Several high-profile races for statewide office and a battle between two law enforcement veterans for Dukes County sheriff has spurred activity ahead of the Sept. 6 primary election, with lawn signs emerging like spring daffodils across the Island.

Polls are open from 7 a.m. to 8 p.m. on election day. The deadline for voter registration was August 27.

Early voting began in all Island towns on Monday, August 29, and town clerks reported voters were trickling in over the week. In West Tisbury, town clerk Tara Whiting-Wells estimated that at least five people had participated in early, in-person voting each day.

In Edgartown, eight people voted in person on Wednesday, said town clerk Karen Medeiros. On Thursday morning, the polling area in Edgartown town hall was empty save a lone election official.

“It’s still a primary, so it is quiet,” said Mrs. Whiting-Wells.

Turnout in non-presidential primaries has varied widely on Martha’s Vineyard, from just 17 percent in 2014 to 33 percent for the last statewide primary election in 2018.

In Dukes County, the Democratic Party ballot includes six contested races: for governor, lieutenant governor, attorney general, secretary of state, state auditor and sheriff. The Republican Party ballot has five contested races: for governor, lieutenant governor, representative in Congress, state senator and district attorney.

All seven seats on the Dukes County Commission are up for grabs, but only three candidates — Donald R. Leopold of Chilmark, Christine C. Todd of Oak Bluffs, and Richard G. Wharton of Oak Bluffs, all Democrats – completed paperwork to appear on the primary ballot. Tristan Israel of Vineyard Haven has announced a write-in campaign.

Congressman Bill Keating, state Sen. Julian Cyr and state Rep. Dylan Fernandes all appear on the Democratic ballot without opposition in the primary. Two Republicans, Jesse G. Brown and Dan Sullivan, both of Plymouth, are seeking the GOP nomination for Keating’s seat. Republicans Daralyn Andrea Hewyood and Christopher Robert Lauzon, both of Barnstable, are vying for the nomination for state Senate. There are no Republican candidates for Rep. Fernandes’ seat.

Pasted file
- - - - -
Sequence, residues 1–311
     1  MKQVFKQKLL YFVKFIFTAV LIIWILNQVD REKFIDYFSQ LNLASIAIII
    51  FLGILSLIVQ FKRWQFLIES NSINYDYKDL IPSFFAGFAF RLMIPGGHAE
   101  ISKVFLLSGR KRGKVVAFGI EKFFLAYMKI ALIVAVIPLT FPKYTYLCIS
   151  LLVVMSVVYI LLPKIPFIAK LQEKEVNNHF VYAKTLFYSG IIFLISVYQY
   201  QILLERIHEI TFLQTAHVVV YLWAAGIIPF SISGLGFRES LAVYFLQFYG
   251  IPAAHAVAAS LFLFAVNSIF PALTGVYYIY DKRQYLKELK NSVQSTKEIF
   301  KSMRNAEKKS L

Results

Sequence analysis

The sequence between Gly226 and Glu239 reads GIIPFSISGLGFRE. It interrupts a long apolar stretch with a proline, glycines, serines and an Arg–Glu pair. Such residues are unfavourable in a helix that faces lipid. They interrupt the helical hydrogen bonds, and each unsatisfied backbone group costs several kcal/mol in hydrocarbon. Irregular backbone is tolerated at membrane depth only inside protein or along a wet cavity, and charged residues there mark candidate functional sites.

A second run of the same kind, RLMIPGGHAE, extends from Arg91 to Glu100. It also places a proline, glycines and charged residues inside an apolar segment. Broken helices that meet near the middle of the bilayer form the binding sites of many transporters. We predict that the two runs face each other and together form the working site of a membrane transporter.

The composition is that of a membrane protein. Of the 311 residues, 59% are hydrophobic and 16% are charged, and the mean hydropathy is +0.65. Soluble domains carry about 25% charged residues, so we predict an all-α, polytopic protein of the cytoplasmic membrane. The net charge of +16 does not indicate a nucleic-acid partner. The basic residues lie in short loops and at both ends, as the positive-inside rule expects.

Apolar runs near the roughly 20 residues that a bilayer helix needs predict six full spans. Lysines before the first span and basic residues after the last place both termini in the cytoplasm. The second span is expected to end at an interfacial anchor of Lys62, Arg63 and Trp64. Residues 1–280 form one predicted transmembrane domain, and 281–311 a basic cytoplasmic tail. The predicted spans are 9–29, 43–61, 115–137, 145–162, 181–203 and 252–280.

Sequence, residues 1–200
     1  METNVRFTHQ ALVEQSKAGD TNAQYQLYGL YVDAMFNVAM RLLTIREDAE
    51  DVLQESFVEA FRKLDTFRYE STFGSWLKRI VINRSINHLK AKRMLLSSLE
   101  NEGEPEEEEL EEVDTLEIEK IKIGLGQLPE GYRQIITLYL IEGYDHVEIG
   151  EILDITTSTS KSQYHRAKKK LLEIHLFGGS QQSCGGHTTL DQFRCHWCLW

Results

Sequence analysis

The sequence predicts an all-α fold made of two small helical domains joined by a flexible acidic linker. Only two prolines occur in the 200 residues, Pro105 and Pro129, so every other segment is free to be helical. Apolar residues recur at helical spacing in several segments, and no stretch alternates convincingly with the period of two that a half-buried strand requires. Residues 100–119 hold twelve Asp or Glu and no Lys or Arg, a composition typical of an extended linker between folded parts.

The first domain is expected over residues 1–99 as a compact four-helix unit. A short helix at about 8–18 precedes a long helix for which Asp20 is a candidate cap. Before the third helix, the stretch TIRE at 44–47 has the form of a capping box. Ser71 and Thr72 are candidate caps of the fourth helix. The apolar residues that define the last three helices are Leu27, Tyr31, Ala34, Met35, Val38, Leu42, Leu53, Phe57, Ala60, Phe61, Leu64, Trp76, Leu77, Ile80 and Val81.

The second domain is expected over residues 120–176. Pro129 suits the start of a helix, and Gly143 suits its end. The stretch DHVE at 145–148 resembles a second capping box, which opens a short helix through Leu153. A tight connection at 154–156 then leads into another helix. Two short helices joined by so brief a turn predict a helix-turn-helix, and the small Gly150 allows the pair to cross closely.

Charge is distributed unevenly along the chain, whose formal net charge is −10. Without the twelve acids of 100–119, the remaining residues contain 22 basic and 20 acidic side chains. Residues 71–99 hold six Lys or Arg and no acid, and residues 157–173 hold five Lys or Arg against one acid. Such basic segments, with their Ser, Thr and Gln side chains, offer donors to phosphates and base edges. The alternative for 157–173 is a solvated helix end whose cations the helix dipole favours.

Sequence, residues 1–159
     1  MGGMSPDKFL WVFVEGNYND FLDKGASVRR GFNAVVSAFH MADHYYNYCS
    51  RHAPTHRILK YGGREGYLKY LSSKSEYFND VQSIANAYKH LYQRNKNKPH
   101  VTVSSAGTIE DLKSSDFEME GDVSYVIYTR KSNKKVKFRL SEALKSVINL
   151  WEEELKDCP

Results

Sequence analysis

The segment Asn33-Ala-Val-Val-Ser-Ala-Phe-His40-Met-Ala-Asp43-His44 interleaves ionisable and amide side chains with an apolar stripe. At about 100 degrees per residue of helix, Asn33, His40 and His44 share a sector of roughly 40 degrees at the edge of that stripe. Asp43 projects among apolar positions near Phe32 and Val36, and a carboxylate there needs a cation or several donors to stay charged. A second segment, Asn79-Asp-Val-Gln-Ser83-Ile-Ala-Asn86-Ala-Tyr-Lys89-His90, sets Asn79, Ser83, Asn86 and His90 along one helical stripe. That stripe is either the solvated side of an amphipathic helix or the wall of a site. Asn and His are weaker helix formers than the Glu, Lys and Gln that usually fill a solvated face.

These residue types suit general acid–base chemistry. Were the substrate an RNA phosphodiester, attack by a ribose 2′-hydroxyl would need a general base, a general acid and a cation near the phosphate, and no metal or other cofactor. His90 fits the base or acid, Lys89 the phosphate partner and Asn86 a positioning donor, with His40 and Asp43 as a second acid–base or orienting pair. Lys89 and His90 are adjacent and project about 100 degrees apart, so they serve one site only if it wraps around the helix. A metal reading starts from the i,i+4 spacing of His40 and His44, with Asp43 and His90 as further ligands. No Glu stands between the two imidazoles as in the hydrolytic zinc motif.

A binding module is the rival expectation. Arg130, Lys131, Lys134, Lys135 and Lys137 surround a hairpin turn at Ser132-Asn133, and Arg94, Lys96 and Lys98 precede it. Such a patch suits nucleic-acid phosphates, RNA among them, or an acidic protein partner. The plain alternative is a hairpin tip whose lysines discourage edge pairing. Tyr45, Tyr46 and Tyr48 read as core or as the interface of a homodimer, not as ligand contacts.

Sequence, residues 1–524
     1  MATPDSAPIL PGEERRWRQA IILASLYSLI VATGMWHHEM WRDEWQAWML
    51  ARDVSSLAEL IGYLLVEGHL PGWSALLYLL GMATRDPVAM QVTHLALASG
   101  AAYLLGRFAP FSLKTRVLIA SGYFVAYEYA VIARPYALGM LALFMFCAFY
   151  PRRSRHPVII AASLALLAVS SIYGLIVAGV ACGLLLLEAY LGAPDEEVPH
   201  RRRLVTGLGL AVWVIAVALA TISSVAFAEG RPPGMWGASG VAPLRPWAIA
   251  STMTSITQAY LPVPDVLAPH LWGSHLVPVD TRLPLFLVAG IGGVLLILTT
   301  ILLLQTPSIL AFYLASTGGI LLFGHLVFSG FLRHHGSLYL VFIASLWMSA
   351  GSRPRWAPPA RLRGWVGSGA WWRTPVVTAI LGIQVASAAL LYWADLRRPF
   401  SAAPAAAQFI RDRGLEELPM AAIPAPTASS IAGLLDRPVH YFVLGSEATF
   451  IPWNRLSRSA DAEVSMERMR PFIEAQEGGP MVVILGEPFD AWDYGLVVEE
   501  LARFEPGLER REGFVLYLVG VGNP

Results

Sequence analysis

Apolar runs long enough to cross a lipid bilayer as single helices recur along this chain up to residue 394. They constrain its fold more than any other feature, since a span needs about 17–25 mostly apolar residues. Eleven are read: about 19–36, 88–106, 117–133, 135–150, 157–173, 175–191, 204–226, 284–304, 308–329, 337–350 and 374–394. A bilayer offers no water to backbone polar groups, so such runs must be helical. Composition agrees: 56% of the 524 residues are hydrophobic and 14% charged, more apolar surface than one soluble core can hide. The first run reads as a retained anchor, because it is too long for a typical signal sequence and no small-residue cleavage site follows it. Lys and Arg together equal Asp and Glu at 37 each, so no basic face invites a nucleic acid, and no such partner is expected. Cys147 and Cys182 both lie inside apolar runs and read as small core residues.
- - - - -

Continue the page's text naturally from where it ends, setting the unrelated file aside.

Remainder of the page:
On the Island, much of the attention – and most of the lawn signs – have centered on the sheriff’s race, in which incumbent Robert Ogden is facing a challenge from former Oak Bluffs police chief Erik Blake. Both are Democrats and both live in West Tisbury. With no Republican on the ballot, the winner of the Democratic primary will be the presumed victor in November.

At an August 30 forum held by the League of Women Voters, Sheriff Ogden focused on his accomplishments in the six years since his election in 2016, while Chief Blake pledged to increase the visibility and accountability of the office. 

The retirement of longtime Cape and Islands District Attorney Michael O’Keefe, who has held the job for almost 20 years, has attracted four candidates. Assistant district attorney Robert Galibois, of Barnstable, is unopposed for the Democratic nomination, but there are three contenders on the Republican ballot. Melissa Alden, a former Yarmouth police officer and current family law attorney based in Barnstable, is running against John “Jack” Carey of Sandwich, a lawyer and retired Navy captain, and Daniel Higgins of Barnstable, also an assistant district attorney.

In interviews with the Gazette, all four candidates criticized poor communication between the district attorney’s head office on the Cape and Martha’s Vineyard, and pledged to increase the office’s presence on the Island.

At the top of the Democratic ballot, attorney general Maura Healey appears on the ballot along with Sonia Rosa Chang-Diaz, a state senator from Boston, for nomination as governor, though Ms. Chang Diaz has dropped out of the race. On the Republican ballot, former state Rep. Geoff Diehl of Whitman is facing Wrentham businessman Chris Doughty for the GOP nomination. Gov. Charlie Baker is not seeking re-election.

The race to replace retiring Lieutenant Gov. Karyn Polito has Salem Mayor Kimberley Driscoll, state Rep. Tami Gouveia of Acton and state Sen. Eric P. Lesser of Longmeadow vying for the Democratic nomination. On the Republican ballot, two state representatives, Leah V. Allen of Danvers, and Kate Campanale of Spencer, are opposed.

Three candidates appear on the Democratic ballot for attorney general, though one has since dropped out of the race. Andrea Joy Campbell of Boston, a former Boston city councillor, is facing Shannon Erika Liss-Riordan of Brookline, a labor lawyer. Quentin Palfrey, of Weston, quit the race on August 30 and endorsed Ms. Campbell.

Secretary of State William Galvin, who has held the office since 1994, is facing a challenge on the Democratic ballot from Tanisha Sullivan, a civil rights attorney and president of the Boston NAACP.

Two Democrats are seeking the nomination for state auditor: Christopher Dempsey of Brookline and state Sen. Diana DiZoglio of Methuen